Published on behalf of Senan. We are thankful for his contribution.
I appreciate each of you for joining me as I share what tradition and originality mean to me.
Just what is it that makes something a tradition? In human terms, tradition helps to structure our understanding and provides a basis for interpreting and evaluating what we encounter and experience in our world. It is our mythology, it is our language, it is our spirituality, it is our ceremonies. It is how we identify who we are and where we fit in the world. In short, it is how we make sense of things, and then pass on that knowledge and wisdom.
Perhaps a story can demonstrate this better…
"When the volcano begins to rumble, we must toss a poor soul into it to appease the mountain god and prevent an eruption. This tradition is how I came to understand why there is a fire breathing mountain in my world, and the reason it occasionally spews hot lava all over my village. Perhaps the poor soul tossed into the volcano was not worthy."
Like it or not, tradition is part of our culture, even as we turn against it or accept it with reservation.
"I don’t want my sister tossed into the volcano, but it is rumbling again, and that is what we do when the mountain rumbles. It is our tradition. So, how can I prevent the death of my sister, but still appease the angry mountain god? I must be creative…"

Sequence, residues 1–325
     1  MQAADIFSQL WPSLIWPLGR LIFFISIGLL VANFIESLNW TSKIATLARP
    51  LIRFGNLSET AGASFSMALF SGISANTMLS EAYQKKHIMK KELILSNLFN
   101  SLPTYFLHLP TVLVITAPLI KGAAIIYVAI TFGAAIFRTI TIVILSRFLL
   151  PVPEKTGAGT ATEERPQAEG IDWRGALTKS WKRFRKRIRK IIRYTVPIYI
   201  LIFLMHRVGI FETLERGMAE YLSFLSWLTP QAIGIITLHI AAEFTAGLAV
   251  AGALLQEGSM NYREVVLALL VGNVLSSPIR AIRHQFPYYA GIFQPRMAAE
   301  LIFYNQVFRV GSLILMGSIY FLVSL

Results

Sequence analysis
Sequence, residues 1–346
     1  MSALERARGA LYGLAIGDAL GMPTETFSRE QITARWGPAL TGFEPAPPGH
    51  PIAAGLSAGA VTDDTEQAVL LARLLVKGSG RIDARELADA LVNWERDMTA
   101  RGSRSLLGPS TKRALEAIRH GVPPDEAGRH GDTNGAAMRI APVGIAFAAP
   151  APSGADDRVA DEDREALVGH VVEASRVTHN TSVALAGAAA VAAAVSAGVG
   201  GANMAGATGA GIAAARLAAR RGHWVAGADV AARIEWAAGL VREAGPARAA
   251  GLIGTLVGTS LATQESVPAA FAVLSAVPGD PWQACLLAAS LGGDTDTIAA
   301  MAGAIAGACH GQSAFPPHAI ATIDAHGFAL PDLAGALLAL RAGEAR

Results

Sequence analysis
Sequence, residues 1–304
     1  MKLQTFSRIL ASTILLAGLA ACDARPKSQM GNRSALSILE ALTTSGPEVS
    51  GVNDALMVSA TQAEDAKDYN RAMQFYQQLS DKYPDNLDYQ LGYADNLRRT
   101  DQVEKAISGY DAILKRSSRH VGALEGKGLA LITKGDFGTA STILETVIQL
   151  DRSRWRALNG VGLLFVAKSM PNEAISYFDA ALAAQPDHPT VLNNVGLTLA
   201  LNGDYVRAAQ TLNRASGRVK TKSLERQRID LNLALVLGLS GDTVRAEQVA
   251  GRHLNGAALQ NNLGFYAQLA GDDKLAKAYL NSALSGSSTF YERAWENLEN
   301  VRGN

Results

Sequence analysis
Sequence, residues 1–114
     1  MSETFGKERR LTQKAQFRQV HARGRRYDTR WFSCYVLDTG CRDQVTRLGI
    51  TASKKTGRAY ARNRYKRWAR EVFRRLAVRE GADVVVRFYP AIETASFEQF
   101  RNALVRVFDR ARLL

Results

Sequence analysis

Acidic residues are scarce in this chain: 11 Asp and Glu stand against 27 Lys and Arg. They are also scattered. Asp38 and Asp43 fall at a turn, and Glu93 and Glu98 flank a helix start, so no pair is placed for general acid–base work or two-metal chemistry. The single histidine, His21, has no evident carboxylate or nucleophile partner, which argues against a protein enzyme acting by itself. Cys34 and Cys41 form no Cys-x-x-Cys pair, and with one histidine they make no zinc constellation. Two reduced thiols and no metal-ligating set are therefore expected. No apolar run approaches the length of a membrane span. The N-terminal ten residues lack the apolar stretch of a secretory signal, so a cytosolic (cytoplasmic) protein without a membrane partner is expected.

Creativity does not come out of a void. There is a motivation for change.
"Last time our volcano was angry, the fire mountain on the island next to ours was angry shortly before. And the volcano on the island next to them was angry just before that. The mountains spew lava in the same order every time, whether we toss a poor soul into them or not."
A discovery has been made that makes the tradition of tossing poor souls into the volcano out of date.
"If I share this with the chief, he can move our tribe to the other side of the island when we know the mountain will be angry soon. We will not need to toss poor souls into the volcano anymore. Instead, we will celebrate our mountain god by preparing a great feast of pig and dancing with fire sticks."
Originality involves learning from what has been done in the past and taking from it what can be used in the present, which thereby changes it.
It is in the nature of traditions that they change, are revised and enhanced, if they are to remain effective and relevant to a changing present. As we make discoveries and learn from them, the tradition must reflect these changes in order to remain alive.
"We know how volcanoes work now and we have no need for a mountain god any longer, but the tourists visiting our island seem to like our pig feast and dancing, so we will call it a ‘Luau’ and charge them lots of money to participate."
This reboot of tradition is crucial to the tradition remaining relevant over time. Our old friend Joseph Campbell says “the moral order has to catch up with the moral necessities of actual life in time, here and now.”
Sometimes what is considered traditional today is far from the original tradition it came from. What, then, makes something truly original?